The 5 Dangerous Don’ts of Branding

In Branding Evaluation by Distility2281 Comments

So it’s time to brand. Nervous? Don’t sweat it. Just keep your eyes open and take a moment to join us as we revisit the biggest Brand Scams – the things you most definitely do not want to do when you brand.

1. Don’t buy too little

Branding is a very important moment in the growth of your company. It’s not something to sweep into your list of all your other to-dos. Branding is not merely a necessary step on the way to your website design, and you can’t leave it to your web designer.

To get a successful brand, you need the complete package – analysis, strategy, and both verbal and visual systems. After all, if you’re crossing the street, making it safely across 90% of the way is still 100% bad news.

2. Don’t buy too much

If the street crossing image was a little too disturbing for you, you should know that you can also go too far in the other direction. While amateur branders can leave the job half done, brand “experts” can sometimes sell you a load of expensive stuff that you don’t really need.

We’ve made it easy for you. We’ve gone over all the things you actually do need in a branding project. Anything beyond this you should take a long hard look at lest you waste your time and money.

3. Don’t get dazzled by proprietary models.

Some brand experts like to invent things and give them shiny names. Distility 1day1brand is our own special method, but the brand model you get at the end of the day is accessible to anybody – your staff and your consultants. But if the output is mysterious or opaque and you can’t figure out what the model is, then chances are nobody else can either. You may be stuck with an essentially useless bit of work that your other consultants and your own people can’t make head nor tail of.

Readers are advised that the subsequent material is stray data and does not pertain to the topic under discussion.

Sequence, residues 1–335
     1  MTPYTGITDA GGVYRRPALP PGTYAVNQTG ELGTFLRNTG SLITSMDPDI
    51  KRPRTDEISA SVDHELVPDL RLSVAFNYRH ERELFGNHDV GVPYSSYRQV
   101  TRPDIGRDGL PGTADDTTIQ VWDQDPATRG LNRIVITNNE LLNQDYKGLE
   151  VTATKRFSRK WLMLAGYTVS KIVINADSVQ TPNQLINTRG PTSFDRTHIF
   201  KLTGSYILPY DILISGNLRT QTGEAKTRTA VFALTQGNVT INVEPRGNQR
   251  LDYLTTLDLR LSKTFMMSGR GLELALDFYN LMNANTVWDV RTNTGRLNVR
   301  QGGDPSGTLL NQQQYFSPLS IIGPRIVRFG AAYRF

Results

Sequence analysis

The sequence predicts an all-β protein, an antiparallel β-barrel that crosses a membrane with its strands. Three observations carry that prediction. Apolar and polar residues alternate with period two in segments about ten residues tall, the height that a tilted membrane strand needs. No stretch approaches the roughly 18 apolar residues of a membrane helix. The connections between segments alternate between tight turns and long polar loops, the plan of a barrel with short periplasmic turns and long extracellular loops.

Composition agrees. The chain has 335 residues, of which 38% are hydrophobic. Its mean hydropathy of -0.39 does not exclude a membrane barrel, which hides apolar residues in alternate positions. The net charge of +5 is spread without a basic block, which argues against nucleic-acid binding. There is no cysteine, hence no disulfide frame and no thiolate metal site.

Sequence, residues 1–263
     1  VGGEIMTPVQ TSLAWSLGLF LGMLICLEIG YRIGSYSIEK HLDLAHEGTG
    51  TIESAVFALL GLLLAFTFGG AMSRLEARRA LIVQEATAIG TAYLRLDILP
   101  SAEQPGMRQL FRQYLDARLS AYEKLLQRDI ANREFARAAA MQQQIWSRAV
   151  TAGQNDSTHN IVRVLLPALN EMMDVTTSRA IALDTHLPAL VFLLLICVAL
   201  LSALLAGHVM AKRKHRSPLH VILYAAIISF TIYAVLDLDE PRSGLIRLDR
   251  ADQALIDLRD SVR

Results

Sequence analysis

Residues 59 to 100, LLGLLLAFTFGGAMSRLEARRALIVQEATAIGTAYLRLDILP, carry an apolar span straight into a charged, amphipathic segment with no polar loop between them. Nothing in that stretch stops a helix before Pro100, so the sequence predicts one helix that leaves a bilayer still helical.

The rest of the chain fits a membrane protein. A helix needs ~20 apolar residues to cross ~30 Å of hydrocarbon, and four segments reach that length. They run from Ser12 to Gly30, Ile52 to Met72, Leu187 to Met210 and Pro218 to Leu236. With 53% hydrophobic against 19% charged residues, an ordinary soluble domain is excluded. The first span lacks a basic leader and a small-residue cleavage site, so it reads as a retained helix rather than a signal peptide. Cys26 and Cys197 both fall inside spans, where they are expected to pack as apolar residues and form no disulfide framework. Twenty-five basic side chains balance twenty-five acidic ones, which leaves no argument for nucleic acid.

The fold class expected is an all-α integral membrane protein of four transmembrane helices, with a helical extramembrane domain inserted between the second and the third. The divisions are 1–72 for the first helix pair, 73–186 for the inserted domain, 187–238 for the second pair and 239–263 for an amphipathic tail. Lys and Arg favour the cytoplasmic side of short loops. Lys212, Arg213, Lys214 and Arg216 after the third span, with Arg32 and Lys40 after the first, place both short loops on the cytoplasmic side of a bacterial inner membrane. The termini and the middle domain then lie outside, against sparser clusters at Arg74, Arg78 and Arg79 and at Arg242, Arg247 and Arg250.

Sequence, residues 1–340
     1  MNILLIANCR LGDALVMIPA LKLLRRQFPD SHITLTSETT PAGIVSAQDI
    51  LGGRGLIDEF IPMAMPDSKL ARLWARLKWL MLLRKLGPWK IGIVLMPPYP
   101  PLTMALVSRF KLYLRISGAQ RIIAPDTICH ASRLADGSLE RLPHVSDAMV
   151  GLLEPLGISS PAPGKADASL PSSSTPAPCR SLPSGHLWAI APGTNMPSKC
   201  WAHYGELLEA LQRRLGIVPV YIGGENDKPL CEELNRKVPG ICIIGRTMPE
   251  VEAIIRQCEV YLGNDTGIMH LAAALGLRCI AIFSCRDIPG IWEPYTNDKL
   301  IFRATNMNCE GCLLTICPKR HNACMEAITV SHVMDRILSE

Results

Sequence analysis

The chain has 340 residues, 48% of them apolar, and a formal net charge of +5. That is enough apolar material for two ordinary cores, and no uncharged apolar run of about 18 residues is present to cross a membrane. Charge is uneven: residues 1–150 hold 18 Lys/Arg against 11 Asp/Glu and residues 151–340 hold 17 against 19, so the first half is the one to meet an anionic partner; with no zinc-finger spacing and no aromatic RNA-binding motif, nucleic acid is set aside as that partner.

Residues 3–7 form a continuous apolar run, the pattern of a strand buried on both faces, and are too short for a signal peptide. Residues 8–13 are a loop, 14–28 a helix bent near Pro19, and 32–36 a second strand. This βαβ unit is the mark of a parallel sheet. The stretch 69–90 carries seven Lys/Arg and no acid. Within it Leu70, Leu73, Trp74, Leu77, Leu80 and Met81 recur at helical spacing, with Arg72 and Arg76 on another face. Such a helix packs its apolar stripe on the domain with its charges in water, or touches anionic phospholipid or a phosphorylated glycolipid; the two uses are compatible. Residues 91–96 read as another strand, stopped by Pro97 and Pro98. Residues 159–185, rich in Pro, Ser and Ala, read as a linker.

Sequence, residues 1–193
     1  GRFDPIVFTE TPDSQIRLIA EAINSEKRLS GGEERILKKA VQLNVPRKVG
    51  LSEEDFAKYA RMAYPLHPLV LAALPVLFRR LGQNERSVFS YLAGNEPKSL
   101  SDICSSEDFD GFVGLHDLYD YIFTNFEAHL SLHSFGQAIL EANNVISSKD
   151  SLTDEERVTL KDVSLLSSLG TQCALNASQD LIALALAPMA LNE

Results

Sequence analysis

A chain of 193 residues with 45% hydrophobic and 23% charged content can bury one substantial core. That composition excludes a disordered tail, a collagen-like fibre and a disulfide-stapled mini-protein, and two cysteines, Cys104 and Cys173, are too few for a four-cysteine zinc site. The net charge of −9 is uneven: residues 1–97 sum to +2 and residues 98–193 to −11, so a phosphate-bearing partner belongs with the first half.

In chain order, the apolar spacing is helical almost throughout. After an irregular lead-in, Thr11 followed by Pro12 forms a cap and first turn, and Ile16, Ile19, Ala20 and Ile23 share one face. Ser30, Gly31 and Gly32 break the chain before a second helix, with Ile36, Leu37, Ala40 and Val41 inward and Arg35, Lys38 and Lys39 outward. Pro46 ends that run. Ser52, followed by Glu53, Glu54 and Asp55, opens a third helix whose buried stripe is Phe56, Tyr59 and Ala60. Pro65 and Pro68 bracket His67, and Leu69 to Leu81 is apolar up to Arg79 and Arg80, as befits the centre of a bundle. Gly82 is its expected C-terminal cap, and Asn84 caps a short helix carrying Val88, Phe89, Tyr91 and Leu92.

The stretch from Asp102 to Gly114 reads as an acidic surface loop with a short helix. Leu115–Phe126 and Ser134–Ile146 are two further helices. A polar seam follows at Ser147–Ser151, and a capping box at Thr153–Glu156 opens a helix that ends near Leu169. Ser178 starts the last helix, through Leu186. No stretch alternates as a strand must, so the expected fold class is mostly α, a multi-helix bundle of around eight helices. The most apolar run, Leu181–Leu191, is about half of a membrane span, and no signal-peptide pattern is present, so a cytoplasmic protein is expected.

4. Don’t chase a bargain

An authentic, enduring brand requires time, work, and resources, and these cost money. Branding costs money. Sometimes a branding agency, hungry for work, will offer a very appealing price. But what are you getting? Is the intern working on this? Are they putting a hard limit on the time they’re willing to put into the project? When a new project arrives with more money attached to it, won’t your project drop to the bottom of the priority list?

5. Don’t brand before you’re ready

Do you know your target market very clearly? Do you know your value proposition explicitly? Do you know who the competition is and what they promise? You’ve got to ask yourself the question, “Am I ready to brand?.” We’ve explored all these trouble spots in our branding e-book. Download it and give it a read. It’s fun, free, and very useful.